Homeschool History with US President Nomenclature Cards
A popular Montessori material for learning new words, definitions, and even historical figures is the nomenclature card, also called the 3-part card. Nomenclature cards are a simple way to make learning new information fun. ShillerLearning created a complete set of US President Nomenclature Cards to add to your homeschool history or language arts lessons.
Nomenclature cards are cards with a picture and a word or phrase underneath the picture. They’re used to help with reading, language development, vocabulary, object identification, matching, and yes, learning about historical figures. The cards are often printed on full sheets of cardstock, then cut apart. With budget, ease, and convenience in mind, this set is designed to be printed individually on unruled 3"x5" cards. The only cutting you will need to do is between the picture and label cards! Download your set today to start or build your collection.
3"x5" cards can be found inexpensively online, at your local office supply store, or even some dollar stores. Alternatively, they may be printed 4-or-6-up on 8.5"x11" cardstock. Printing instructions are in the pack.
The beautiful ShillerLearning US President Nomenclature Cards are a perfect addition to your homeschool plans and work well for all ages. Typically first introduced in preschool and ideal for ages 3 to 6, nomenclature cards can be used throughout elementary.
How do you use nomenclature cards?
Nomenclature cards are introduced using the three-period-lesson. There are two cards for each president. The control card (or whole picture card) is the card without a line between the picture (in this case presidential portrait) and label (name of the president).
The other card will be cut along the line to separate the picture and label. Now you have the three parts (see where that 3-part card terminology comes from).
Depending on developmental level, some children will work only with the control cards; children who are emergent or fluent readers will work with both sets. Generally, three cards are introduced at a time. Once the child can match the label to the picture, subsequent groups of three new cards will be added to the work. Here is an example of how to use the US Presidents Nomenclature Cards.
For the non-reading child:
- Lay the control card of George Washington in front of the child. Say, “This is George Washington.”
Have the child repeat, “George Washington."
Continue with two more control cards (until you have three cards out).
- Point to each card and say the name of the president.
- Rearrange the three control cards and ask the child to point to each president, "Can you show me Thomas Jefferson? Can you show me George Washington? Can you show me John Adams?" As the child becomes familiar with the pattern of the work, you can drop, "Can you show me" after the first request.
- Once the child is able to show you all the presidents in that selection, point to a control card and ask, “Who is this?”
- If your child is unable to give the name, you can just back up to the first step in the three period lesson and re-introduce it as if for the very first time (without any hints in your voice that we’ve covered this already).
- Very young children may wrestle with correct pronunciation of names; this is ok and will correct over time.
- Repeat the above steps with a unique combination of cards each time until the child has competency and closure. This activity makes a nice compliment to ShillerLearning Language Arts Kit A.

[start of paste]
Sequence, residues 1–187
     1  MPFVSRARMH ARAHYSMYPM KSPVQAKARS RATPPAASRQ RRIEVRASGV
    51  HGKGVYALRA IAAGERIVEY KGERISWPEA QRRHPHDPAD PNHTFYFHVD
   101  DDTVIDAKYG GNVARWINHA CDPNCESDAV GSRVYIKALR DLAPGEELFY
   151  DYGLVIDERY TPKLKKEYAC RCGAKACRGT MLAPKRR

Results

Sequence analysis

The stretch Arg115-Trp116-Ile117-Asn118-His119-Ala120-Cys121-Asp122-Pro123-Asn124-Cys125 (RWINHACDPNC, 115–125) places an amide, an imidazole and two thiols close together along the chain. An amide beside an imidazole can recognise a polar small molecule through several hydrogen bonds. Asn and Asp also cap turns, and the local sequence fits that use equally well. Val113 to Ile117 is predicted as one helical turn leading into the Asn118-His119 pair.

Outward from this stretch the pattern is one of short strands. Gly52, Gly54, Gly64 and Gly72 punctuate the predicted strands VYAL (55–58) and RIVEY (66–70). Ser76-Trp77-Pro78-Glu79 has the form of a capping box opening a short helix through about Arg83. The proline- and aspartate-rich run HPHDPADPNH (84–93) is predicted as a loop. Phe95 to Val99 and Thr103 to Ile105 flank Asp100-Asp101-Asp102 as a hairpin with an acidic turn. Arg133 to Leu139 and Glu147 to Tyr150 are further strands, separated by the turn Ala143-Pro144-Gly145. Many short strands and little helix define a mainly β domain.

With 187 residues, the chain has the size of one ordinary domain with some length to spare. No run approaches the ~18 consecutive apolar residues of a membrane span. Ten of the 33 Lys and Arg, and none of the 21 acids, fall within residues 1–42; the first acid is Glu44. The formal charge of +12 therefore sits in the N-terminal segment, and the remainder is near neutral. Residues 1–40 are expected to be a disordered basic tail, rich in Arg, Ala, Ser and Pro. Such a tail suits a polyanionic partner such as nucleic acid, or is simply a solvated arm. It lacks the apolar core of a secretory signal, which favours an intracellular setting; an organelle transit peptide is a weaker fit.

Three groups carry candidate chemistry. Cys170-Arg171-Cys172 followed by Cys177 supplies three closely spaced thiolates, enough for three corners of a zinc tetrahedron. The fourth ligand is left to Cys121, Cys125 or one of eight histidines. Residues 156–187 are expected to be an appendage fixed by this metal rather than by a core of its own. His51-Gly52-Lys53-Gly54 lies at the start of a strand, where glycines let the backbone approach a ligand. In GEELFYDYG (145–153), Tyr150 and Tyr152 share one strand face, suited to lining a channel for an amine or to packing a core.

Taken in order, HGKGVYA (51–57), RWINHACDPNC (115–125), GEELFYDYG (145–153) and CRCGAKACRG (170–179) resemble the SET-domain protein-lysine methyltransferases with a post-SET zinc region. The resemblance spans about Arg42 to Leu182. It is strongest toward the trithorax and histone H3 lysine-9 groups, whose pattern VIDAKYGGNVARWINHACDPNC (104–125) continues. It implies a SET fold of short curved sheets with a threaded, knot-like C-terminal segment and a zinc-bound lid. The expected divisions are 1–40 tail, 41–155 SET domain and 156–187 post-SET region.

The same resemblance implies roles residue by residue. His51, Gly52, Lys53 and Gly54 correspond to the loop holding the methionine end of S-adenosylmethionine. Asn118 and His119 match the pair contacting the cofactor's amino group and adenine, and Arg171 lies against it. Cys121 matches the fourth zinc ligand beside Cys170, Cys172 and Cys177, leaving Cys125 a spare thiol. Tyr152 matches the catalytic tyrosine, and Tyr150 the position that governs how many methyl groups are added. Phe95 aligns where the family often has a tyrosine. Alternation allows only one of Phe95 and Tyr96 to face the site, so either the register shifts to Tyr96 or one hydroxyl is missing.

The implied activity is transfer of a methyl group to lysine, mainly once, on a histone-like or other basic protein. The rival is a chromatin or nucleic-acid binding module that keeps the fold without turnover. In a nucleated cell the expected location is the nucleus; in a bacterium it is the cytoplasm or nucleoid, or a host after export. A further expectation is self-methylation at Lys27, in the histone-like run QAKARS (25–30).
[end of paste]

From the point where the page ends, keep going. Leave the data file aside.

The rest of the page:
For the emergent reader/reading child:
- After completing the above, get out the cut picture and label cards for the three presidents.
- Lay out three picture cards in order. With the randomly ordered label cards, select a label and see if the label matches the picture, one at a time, from left to right. Place the label below the matching picture.
- Give the child the mixed picture and label cards to lay out in order and match the names to the proper presidential portraits as you just demonstrated.
- The control card enables the child to self-check their work and control for error.
- The child can practice as desired until the entire set can be matched.
US President Matching Game
To turn your nomenclature cards into a matching game, print a second set of the control cards. As with a standard matching game, players take turns turning over two cards in the hope of finding a match, until all matches have been made.
Add presidential flavor to your language arts curriculum while mastering alphabetizing skills. If you are my age, the library card catalog was where you polished your alphabetizing skills. Nomenclature cards provide a convenient material for practice of abc order. This activity is a nice compliment to ShillerLearning Language Arts Kit B. With the president cards, your student may alphabetize by first name; or last name; or by last name, first name. In the process, your child will take a walk through US history.
We’d love to see your students using the US President Nomenclature Cards. Tag us on Pinterest, Instagram, Facebook, or Twitter. Have an idea for the next set you would like to see? Comment below and let us know!
Want to learn more about the Three Period Lesson used to present nomenclature cards? Be sure to check out this video.
Veteran homeschool mom of five children (now ages 11 to 3 adults), Antoinette LaGrossa has been homeschooling since 2001. Having experienced her family’s frustration with multiple math programs, Antoinette understands the struggle that can come with teaching math. Everything changed in 2004 when she tried ShillerMath. She quickly joined the ShillerLearning team and has been supporting home educators for almost two decades - sharing hands-on learning tips, encouragement, and practical experience from homeschooling five very different children (no cookie-cutter molds here). Antoinette speaks at conventions across the country and is host of ShillerLearning’s Tuesdays@2.